The days of the dunce cap are long gone (correct me if I’m wrong), but isolation punishment, it seems, is alive and well in schools today.
At Joaquin Miller Elementary School, it takes the form of “The Box.” It actually sounds scarier than it is; it’s a timeout on the 4-square court, a last resort used to avert suspensions.
The Box is not a new disciplinary tactic, but it recently came under scrutiny. Some parents complained that it was being used as a consequence for missing or incomplete homework. The discipline policy changed as a result, and incomplete homework is no longer a Boxable offense.
Joaquin Miller, like other schools, also has an elaborate rewards system for good behavior, offering Lucky Buck$, Happy Grams (notes home) and something called Free Time Friday.
At Lincoln Child Center, a non-public school in Oakland for emotionally disturbed youth, each kindergartener had a cardboard superhero which corresponded to them. The better they behaved, the higher their superheroes moved on the wall. Teachers also offered Bonus Bucks for good behavior.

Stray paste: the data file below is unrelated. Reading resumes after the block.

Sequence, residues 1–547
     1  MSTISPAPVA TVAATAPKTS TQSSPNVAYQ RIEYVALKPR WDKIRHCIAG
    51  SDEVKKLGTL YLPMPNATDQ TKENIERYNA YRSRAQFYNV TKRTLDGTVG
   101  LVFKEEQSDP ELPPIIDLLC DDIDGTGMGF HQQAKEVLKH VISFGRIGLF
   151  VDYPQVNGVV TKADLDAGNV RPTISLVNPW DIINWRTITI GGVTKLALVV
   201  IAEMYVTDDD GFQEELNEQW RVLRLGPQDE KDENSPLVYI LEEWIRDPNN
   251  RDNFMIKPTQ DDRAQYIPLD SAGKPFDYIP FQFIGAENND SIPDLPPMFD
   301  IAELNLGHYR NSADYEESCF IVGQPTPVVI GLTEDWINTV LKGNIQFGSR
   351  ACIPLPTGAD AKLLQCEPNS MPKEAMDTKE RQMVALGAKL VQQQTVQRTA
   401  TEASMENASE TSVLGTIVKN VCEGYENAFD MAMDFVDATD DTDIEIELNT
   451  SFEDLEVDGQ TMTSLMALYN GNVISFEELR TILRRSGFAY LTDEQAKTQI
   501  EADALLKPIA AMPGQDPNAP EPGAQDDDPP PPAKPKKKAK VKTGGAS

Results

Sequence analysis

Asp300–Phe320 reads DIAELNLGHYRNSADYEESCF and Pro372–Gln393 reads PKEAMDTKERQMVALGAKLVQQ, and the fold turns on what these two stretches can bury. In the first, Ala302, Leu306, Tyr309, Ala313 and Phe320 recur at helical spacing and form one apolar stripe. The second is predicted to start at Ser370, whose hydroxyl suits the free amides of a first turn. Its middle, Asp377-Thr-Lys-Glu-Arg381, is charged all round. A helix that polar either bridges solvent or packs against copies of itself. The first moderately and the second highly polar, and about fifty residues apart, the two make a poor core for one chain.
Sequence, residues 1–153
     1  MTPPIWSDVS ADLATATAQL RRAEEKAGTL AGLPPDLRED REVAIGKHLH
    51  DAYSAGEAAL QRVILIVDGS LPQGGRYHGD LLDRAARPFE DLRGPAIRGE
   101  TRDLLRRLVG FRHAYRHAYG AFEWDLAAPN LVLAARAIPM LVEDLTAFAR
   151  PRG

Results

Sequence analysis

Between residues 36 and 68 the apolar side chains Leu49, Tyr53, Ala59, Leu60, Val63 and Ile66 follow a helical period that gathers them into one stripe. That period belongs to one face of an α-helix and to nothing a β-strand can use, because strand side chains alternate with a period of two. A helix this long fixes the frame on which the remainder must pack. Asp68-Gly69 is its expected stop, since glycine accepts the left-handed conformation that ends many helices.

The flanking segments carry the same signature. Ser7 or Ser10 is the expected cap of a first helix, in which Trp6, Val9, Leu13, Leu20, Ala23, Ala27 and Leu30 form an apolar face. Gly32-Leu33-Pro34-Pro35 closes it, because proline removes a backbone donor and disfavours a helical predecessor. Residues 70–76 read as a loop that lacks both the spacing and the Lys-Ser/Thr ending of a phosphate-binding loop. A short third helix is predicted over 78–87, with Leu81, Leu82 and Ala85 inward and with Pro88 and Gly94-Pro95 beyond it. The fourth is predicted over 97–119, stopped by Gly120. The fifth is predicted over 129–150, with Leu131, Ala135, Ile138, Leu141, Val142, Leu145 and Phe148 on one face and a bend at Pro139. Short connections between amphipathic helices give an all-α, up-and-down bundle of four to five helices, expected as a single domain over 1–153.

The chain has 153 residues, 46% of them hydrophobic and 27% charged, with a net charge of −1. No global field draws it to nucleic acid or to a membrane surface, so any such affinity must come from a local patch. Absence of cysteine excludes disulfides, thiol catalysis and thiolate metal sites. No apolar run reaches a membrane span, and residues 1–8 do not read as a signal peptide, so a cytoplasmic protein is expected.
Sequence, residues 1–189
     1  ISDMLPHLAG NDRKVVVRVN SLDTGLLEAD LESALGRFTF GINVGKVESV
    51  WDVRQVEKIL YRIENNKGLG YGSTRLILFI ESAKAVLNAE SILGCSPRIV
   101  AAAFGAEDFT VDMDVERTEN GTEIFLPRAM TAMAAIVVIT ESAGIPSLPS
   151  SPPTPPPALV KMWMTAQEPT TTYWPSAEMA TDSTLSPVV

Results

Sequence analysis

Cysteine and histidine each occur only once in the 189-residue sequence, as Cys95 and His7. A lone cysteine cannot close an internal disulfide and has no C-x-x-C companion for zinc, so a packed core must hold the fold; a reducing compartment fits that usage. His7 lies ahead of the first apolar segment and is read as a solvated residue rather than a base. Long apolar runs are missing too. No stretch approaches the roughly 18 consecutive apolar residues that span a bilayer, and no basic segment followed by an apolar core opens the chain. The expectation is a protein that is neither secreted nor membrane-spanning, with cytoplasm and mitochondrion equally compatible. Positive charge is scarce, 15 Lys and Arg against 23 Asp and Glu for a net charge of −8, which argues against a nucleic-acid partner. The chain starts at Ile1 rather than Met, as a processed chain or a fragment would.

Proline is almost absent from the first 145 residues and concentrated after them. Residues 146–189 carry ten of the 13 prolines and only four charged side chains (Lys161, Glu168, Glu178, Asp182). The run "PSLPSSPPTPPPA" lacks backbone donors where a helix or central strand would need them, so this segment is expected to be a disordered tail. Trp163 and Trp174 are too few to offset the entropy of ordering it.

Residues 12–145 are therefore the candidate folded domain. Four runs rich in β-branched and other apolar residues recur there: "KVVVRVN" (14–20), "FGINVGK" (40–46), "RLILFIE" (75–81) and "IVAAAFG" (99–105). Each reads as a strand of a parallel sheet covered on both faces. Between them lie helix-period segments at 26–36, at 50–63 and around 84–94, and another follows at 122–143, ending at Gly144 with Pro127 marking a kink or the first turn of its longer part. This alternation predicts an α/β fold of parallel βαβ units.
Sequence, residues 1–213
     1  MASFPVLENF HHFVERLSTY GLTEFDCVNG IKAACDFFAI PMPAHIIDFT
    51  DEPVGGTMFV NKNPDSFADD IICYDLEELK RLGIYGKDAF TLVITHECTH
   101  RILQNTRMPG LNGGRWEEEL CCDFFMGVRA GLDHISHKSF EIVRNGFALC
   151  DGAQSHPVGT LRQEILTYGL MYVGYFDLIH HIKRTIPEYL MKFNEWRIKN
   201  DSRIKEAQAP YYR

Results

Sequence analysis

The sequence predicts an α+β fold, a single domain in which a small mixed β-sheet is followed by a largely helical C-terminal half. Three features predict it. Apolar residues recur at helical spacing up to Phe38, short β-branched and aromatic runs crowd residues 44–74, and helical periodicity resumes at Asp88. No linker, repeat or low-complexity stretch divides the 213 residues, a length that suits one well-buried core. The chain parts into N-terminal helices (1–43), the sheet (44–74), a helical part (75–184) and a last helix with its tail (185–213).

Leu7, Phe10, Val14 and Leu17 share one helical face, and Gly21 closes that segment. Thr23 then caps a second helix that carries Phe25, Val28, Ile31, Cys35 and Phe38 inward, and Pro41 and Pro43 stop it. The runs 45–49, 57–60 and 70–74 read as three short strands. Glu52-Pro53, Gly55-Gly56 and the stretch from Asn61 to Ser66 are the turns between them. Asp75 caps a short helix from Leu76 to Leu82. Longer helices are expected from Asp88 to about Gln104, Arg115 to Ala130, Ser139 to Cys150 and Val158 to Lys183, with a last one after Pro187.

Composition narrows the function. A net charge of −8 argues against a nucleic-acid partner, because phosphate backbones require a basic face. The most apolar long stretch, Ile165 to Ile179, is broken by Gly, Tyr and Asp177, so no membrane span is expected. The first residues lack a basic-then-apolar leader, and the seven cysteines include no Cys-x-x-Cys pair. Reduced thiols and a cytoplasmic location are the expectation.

On a visit to Lincoln, I also observed the other end of the rewards-sanctions continuum: The Quiet Room. It is a padded room where out-of-control kids are sent to calm down for a few minutes before they can hurt themselves or someone else. Then again, maybe that’s more of a safety measure than a form of discipline.
What are other examples of rewards and consequences used at schools do to keep the peace and motivate kids to behave? Do any of them go too far (or not far enough)?